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Posts Tagged ‘Tides’

At midnight on the night of Monday the 30th of June, an extra second was added to our clocks. A so-called leap second. Did you enjoy it? Me too 🙂 I got so much more done….. But, why do we have leap seconds?

In this blog here, I explained the difference between how long the Earth takes to rotate 360^{\circ} (the sidereal day) and how long it takes for the Sun to appear to go once around the Earth (the mean solar day). We set the length of our day, 24 hours, by the solar day. If there are 24 hours in a day, 60 minutes in an hour, and 60 seconds in a minute, then there should be 24 \times 60 \times 60 = 86,400 \text{ seconds} in a solar day. But, there aren’t! The Earth’s rotation is not consistent, that is if we measure the length of a mean solar day, it is not consistently 86,400 seconds. This difference is why we need leap seconds.

A leap second was added at midnight on the 30th of June. It was the first leap second to be added since 2012.

A leap second was added at midnight on the 30th of June. It was the first leap second to be added since 2012.


But, how do we accurately measure the mean solar day (the average time the Sun appears to take to go once around the sky) , and what is causing the length of the mean solar day to change?

How do we define a second?

When the second was first defined, it was defined so that there were 86,400 seconds in a mean solar day. But, since the 1950s, we have a very accurate method qof measuring time, atomic clocks. Using these incredibly accurate time pieces (the most accurate atomic clocks will be correct to 1 second over some tens of thousands of years) we have been able to see that the mean solar day varies. It varies in two ways, there is a gradual lengthening, but there are also random changes which can be either the Earth speeding up or slowing down its rotation.

How do we measure the Earth’s rotation so accurately

In order to measure the Earth’s rotation accurately we use the sidereal day, which is roughly four minutes shorter than the mean solar day. By definition, the sidereal day is the time it takes for a star to cross through a local meridian a second time. But, actually, stars in our Galaxy are not good for this as they are moving relative to our Sun. So, in fact, we use quasars, which are active galactic nuclei in the very distant Universe; and use radio telescopes to pinpoint their position.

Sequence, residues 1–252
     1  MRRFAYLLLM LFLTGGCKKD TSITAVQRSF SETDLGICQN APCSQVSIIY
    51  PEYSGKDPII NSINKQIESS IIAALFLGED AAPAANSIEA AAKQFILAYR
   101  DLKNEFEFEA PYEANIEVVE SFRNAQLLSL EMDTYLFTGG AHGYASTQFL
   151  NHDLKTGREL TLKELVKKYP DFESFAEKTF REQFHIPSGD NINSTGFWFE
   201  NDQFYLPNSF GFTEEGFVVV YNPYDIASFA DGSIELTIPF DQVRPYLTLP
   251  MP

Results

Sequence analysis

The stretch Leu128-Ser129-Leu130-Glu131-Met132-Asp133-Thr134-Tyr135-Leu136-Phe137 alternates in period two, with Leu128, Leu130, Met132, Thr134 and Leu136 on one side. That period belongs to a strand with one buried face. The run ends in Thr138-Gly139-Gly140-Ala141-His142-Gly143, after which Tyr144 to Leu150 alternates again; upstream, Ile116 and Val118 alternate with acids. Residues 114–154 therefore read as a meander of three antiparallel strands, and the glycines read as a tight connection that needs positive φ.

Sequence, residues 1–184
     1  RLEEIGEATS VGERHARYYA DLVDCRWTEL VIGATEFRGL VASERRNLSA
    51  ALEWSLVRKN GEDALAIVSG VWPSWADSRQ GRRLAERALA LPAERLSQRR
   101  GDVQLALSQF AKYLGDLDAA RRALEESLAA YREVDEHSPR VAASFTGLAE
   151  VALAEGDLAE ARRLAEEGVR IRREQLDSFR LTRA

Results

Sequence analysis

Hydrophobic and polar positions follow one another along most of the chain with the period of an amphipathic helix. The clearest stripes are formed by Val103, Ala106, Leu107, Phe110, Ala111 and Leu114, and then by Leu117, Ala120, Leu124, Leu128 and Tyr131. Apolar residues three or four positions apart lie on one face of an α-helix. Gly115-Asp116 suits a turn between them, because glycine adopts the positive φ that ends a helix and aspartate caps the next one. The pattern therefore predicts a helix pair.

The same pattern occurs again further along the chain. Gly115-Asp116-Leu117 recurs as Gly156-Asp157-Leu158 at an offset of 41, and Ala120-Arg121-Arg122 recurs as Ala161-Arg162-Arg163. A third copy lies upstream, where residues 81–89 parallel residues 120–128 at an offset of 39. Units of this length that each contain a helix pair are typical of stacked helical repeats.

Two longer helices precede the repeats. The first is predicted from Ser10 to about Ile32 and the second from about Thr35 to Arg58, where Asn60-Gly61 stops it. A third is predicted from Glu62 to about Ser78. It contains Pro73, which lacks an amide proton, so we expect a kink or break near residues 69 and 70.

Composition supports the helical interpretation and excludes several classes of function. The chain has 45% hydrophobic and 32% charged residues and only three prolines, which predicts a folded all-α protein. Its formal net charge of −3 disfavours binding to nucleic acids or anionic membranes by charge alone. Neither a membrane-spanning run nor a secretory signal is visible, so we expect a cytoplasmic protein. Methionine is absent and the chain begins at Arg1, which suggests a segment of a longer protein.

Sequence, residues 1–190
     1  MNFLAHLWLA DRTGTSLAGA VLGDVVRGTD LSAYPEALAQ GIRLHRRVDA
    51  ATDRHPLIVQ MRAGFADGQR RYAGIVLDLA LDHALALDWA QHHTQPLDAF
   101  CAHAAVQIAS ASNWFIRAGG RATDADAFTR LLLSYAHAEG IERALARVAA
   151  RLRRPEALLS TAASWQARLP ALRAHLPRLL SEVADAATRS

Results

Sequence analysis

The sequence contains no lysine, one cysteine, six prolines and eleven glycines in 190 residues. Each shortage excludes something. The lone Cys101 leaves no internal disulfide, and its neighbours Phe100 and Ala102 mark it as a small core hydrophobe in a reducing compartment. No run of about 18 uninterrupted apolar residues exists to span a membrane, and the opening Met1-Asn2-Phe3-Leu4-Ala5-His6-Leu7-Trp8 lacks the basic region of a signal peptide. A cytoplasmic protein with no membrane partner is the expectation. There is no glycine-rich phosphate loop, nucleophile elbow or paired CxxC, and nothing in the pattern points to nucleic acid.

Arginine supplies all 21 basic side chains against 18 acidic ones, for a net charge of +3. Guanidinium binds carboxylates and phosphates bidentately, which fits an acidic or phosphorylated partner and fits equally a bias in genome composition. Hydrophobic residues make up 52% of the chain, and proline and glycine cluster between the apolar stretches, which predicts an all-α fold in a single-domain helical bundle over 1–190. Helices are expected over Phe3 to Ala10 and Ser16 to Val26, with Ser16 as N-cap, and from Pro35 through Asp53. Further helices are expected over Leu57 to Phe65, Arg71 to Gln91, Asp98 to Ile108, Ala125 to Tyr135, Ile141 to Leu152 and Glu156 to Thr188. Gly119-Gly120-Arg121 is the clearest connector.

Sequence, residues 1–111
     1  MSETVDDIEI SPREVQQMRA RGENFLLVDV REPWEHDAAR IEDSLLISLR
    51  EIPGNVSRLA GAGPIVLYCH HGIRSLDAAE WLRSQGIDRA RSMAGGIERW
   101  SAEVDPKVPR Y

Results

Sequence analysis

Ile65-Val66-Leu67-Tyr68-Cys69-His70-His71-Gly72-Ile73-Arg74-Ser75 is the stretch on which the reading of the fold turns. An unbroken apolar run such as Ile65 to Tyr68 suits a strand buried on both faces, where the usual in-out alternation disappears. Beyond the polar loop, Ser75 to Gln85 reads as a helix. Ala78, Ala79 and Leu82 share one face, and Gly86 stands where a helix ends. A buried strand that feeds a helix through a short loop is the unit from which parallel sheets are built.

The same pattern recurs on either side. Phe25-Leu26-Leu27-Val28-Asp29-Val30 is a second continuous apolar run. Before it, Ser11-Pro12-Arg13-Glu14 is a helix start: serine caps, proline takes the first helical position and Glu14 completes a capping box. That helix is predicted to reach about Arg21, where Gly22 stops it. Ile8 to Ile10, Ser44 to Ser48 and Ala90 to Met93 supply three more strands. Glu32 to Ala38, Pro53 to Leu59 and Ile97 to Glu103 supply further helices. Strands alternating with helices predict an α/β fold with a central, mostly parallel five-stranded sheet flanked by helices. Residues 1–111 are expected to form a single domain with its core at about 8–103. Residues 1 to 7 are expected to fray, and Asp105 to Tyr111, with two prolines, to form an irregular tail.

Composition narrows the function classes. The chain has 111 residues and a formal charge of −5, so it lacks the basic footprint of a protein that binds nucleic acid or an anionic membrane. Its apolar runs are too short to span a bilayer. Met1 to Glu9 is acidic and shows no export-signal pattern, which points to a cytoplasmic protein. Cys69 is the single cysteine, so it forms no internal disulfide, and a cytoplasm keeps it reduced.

The gradual slowing down of the Earth’s rotation

There is a gradual and unrelenting slowing down of the Earth’s rotation, which may or may not be greater than the random changes I am going to discuss below. This gradual slowing down is due to the Moon, or more specifically to the Moon’s tidal effects on the Earth. As you know, the Moon produces two high tides a day, and this bulge rotates as the Earth rotates. But, the Moon moves around the Earth much more slowly (a month), so the Moon pulls back on the bulge of the Earth, slowing it down. To conserve angular momentum, the Earth slowing down means the Moon moves further away from the Earth, about 3cm further away each year.

The random fluctuations in the Earth’s rotation

In addition to the unrelenting slowing down of the Earth’s rotation due to the Moon, there are also random changes in the Earth’s rotation. These can be due to all manner of things, including volcanoes and atmospheric pressure. These random fluctuations can either speed up or slow down the Earth’s rotation.

We have been having leap seconds since the 1970s when atomic clocks became accurate enough to measure the tiny changes in our planet’s rotation. Since them we have added a leap second when it is decided that we need it, typically but not quite once a year. However, having that extra second at the end of June can cause glitches with computers, and so there are discussions to remove the leap second and replace it with something larger on a less frequent basis.

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In yesterday’s blog, I discussed how mathematicians and physicists measure angles in radians rather than the more familiar degrees. I finished the blog by mentioning a problem to do with water level in a harbour. Let me state the problem in more detail, and then show how we go about solving it.


clovelly_harbour


The tide is high

Suppose the height in metres of the water in a harbour can be described by the equation

y = 6\sin(\frac{\pi}{4}t) + 8\cos(\frac{\pi}{4}t) + 11

where t is the time in hours. We will assume that the time t=0 corresponds to midnight. We want to find the following

  1. The maximum height of the water
  2. The minimum height of the water
  3. The time when the first maximum water height occurs
  4. The time when the first minimum water height occurs
  5. If a boat needs 2 metres of water to be able to use the harbour, how many hours a day can it use the harbour?

As I showed yesterday, the period of this up and down motion of the water level is given by \frac{2\pi}{\omega}, so in this example above the period is \frac{2\pi}{\pi/4}=8\; \text {hours}. In reality, of course, if the up and down motion of the level of water is due to the tides, then the period has to be 12 hours, as there are two high and two low tides each day. But, let’s assume, just for variety, that the period can differ from 12 hours, so in this example it will be 8 hours.

Notice that the equation describing the level of the water y is a combination of sines and cosines. How do we go about solving this?